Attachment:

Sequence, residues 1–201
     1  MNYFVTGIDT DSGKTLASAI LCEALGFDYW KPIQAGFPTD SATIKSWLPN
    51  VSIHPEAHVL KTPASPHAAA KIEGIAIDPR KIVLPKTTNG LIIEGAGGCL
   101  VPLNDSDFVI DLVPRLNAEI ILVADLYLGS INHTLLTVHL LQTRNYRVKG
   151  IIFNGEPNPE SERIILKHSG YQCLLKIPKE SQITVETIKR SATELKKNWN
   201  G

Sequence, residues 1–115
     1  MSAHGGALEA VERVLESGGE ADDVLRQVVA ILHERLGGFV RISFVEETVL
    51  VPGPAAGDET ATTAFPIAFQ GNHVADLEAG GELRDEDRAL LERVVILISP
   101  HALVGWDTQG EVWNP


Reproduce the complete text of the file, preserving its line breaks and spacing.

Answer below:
Sequence, residues 1–201
     1  MNYFVTGIDT DSGKTLASAI LCEALGFDYW KPIQAGFPTD SATIKSWLPN
    51  VSIHPEAHVL KTPASPHAAA KIEGIAIDPR KIVLPKTTNG LIIEGAGGCL
   101  VPLNDSDFVI DLVPRLNAEI ILVADLYLGS INHTLLTVHL LQTRNYRVKG
   151  IIFNGEPNPE SERIILKHSG YQCLLKIPKE SQITVETIKR SATELKKNWN
   201  G

Sequence, residues 1–115
     1  MSAHGGALEA VERVLESGGE ADDVLRQVVA ILHERLGGFV RISFVEETVL
    51  VPGPAAGDET ATTAFPIAFQ GNHVADLEAG GELRDEDRAL LERVVILISP
   101  HALVGWDTQG EVWNP